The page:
Many people have heard of term deposits, which are savings accounts that pay a higher rate of interest than standard checking and savings accounts. The main advantage of these accounts is that they can be used to help save for big purchases or investments that don’t have quick access to money.
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Term deposit and savings can be redeemable or non-redeemable and come with different maturities. These can range from one month to five years.
There are a variety of term deposit options available from banks and credit unions, such as certificates of deposit (CDs), certificates of participation (COPs), jumbo CDs, and time deposits. Each offers a fixed rate of interest that pays out at the end of the term.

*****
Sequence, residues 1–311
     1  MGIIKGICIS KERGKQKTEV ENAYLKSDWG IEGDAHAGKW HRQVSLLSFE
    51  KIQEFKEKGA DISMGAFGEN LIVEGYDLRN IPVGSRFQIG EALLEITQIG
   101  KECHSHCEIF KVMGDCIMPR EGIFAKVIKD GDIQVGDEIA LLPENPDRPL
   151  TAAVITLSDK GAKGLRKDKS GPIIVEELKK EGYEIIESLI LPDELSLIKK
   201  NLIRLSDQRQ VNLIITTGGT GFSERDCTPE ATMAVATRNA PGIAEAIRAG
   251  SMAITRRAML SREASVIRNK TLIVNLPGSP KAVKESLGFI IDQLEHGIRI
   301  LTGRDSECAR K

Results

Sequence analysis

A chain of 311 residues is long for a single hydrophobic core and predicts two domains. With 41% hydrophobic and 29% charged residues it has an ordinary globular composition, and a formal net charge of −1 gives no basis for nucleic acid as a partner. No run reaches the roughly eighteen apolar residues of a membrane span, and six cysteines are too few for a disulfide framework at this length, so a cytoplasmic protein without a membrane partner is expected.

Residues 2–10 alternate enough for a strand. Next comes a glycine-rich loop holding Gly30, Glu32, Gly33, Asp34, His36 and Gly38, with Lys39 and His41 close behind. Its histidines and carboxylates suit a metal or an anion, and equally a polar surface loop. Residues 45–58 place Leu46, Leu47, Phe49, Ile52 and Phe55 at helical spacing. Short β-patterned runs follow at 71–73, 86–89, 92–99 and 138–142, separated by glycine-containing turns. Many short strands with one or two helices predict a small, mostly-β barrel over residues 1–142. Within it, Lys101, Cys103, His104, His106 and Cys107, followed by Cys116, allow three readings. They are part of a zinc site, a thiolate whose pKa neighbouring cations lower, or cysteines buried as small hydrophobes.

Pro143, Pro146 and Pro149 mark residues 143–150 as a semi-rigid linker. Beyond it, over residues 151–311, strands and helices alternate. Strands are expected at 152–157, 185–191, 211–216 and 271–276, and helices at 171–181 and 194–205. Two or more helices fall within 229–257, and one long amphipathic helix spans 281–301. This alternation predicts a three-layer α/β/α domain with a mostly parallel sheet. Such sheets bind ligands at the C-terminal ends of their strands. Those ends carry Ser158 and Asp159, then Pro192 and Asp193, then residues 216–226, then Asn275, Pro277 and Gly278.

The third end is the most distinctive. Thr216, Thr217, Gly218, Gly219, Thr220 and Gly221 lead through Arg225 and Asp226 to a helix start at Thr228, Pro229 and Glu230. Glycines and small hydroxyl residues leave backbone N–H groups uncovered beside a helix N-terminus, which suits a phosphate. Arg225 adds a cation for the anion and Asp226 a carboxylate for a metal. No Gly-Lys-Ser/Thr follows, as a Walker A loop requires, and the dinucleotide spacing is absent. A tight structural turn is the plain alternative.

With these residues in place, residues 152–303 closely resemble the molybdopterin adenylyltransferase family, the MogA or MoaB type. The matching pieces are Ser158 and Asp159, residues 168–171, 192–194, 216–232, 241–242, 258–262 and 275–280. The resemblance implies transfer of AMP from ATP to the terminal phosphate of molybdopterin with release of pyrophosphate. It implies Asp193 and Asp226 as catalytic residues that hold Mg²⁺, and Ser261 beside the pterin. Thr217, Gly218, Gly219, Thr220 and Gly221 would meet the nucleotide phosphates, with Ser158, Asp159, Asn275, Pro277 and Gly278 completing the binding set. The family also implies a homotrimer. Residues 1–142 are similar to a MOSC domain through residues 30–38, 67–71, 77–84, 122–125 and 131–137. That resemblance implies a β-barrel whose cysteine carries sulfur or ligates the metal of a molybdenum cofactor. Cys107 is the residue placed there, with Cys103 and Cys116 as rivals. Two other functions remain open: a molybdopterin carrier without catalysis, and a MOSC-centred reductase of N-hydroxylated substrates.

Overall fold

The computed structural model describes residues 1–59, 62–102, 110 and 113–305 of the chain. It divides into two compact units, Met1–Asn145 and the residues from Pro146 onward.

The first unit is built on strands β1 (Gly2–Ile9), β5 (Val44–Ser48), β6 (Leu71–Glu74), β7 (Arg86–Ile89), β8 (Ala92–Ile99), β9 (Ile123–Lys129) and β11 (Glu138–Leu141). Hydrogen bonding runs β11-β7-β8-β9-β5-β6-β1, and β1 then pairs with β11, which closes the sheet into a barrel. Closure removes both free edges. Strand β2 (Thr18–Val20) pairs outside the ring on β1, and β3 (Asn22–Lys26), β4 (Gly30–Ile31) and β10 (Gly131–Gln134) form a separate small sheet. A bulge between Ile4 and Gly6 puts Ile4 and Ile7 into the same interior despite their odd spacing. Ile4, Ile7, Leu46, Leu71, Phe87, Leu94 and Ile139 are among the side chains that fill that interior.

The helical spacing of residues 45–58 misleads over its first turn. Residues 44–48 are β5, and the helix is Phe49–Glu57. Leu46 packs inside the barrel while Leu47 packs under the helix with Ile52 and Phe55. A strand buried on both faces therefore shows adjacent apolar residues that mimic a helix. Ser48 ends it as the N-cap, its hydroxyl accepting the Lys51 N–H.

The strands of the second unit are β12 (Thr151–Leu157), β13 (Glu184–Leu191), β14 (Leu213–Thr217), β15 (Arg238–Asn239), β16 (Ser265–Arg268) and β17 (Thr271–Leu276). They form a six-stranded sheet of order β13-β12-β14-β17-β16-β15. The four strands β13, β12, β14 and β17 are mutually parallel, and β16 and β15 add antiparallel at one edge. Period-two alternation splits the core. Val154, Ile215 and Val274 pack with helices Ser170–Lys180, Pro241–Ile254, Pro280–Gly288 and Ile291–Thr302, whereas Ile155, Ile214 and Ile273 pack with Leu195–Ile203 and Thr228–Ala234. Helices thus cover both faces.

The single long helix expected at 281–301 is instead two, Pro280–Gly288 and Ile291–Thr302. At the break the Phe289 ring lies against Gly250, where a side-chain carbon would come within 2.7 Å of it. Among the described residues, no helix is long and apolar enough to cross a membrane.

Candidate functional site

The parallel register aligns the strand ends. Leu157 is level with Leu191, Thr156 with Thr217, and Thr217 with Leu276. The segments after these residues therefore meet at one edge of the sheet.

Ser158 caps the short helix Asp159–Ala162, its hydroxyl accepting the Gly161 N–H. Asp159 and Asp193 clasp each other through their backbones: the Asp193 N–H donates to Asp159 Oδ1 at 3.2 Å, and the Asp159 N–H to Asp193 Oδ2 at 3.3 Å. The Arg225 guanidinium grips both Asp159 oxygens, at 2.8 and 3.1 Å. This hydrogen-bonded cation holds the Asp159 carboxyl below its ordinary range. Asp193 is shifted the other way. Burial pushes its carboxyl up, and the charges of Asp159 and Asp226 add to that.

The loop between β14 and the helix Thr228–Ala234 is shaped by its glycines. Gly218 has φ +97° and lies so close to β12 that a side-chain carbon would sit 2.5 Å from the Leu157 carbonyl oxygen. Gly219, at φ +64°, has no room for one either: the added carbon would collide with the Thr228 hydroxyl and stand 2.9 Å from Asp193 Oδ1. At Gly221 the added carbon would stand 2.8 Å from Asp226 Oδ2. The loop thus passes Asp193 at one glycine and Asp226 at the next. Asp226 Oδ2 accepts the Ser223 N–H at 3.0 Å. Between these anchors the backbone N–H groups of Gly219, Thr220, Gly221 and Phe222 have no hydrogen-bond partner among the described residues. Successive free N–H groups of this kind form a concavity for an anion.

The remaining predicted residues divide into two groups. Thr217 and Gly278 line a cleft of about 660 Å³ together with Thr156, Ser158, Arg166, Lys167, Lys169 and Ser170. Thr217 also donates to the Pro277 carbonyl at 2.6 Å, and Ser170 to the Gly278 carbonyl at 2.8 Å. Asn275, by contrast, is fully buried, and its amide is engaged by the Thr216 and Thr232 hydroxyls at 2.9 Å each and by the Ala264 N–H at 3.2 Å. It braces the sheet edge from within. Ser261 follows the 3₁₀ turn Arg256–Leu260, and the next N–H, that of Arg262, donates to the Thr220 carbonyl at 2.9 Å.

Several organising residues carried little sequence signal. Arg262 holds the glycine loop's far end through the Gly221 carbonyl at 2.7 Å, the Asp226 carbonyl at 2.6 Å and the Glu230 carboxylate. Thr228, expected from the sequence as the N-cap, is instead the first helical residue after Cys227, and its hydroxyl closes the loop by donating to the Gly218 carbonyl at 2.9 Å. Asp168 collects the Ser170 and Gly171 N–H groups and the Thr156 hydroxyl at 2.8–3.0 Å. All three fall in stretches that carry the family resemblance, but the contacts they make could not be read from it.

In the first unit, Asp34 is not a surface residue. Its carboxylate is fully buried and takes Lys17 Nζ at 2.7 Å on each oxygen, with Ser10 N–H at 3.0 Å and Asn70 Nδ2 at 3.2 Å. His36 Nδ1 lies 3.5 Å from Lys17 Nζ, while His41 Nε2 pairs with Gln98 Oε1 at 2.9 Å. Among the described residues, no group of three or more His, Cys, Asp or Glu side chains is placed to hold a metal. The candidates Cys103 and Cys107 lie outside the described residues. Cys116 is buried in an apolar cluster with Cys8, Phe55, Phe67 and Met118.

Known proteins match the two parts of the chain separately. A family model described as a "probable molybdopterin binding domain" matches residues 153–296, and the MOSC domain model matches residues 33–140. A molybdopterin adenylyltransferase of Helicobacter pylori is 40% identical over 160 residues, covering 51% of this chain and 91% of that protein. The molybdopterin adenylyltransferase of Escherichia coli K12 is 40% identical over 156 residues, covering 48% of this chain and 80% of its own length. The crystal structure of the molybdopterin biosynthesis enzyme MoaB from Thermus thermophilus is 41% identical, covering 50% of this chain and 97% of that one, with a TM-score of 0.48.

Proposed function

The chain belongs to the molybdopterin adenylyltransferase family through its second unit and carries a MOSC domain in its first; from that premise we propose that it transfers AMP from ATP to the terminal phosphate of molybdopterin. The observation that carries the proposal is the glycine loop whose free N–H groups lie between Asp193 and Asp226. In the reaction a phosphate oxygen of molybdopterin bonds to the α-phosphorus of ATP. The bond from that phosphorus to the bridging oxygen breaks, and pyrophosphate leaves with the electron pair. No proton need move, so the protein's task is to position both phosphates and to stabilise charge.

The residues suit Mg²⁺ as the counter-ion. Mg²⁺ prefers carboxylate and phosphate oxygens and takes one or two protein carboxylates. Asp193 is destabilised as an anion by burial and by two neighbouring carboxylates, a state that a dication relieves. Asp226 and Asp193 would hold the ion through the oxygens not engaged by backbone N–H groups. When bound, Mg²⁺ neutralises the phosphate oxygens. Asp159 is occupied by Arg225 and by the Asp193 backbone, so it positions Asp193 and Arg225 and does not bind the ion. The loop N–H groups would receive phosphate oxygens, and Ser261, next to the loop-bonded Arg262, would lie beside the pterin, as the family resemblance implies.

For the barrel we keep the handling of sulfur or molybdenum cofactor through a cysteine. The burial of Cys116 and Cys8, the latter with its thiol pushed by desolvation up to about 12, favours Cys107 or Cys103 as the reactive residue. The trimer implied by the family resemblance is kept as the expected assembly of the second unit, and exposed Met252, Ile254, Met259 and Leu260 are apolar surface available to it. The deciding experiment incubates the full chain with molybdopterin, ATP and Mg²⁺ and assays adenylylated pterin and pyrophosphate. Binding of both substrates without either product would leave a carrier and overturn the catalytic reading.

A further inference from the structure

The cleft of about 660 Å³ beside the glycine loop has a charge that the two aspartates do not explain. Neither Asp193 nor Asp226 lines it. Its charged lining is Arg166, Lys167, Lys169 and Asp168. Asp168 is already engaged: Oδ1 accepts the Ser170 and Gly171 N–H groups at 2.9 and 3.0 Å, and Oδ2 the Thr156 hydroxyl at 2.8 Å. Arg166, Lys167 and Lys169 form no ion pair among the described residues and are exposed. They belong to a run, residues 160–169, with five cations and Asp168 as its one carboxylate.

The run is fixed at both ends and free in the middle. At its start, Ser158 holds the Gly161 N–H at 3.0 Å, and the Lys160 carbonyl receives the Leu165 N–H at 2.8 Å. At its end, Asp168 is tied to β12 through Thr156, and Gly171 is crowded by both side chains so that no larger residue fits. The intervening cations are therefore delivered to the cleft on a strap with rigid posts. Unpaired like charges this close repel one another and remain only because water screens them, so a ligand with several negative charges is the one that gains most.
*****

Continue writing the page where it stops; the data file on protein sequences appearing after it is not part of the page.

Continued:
However, term deposits can be risky if interest rates fall before the end of the term. They can also be subject to inflation risk, which is the possibility that prices of goods and services will increase at a faster pace than a customer’s rate of interest earned on a term deposit account.
A term deposit can be a good way to set aside funds for large purchases, such as a home or car. But it may not be the best option if you need to access your money quickly or want a more flexible savings strategy.
Generally, you can’t withdraw your money from a term deposit account before the maturity date. If you do, you’ll typically have to pay a penalty fee. Alternatively, you can roll your term deposit over into another one at the end of its term, but this will likely have a lower interest rate than the original one.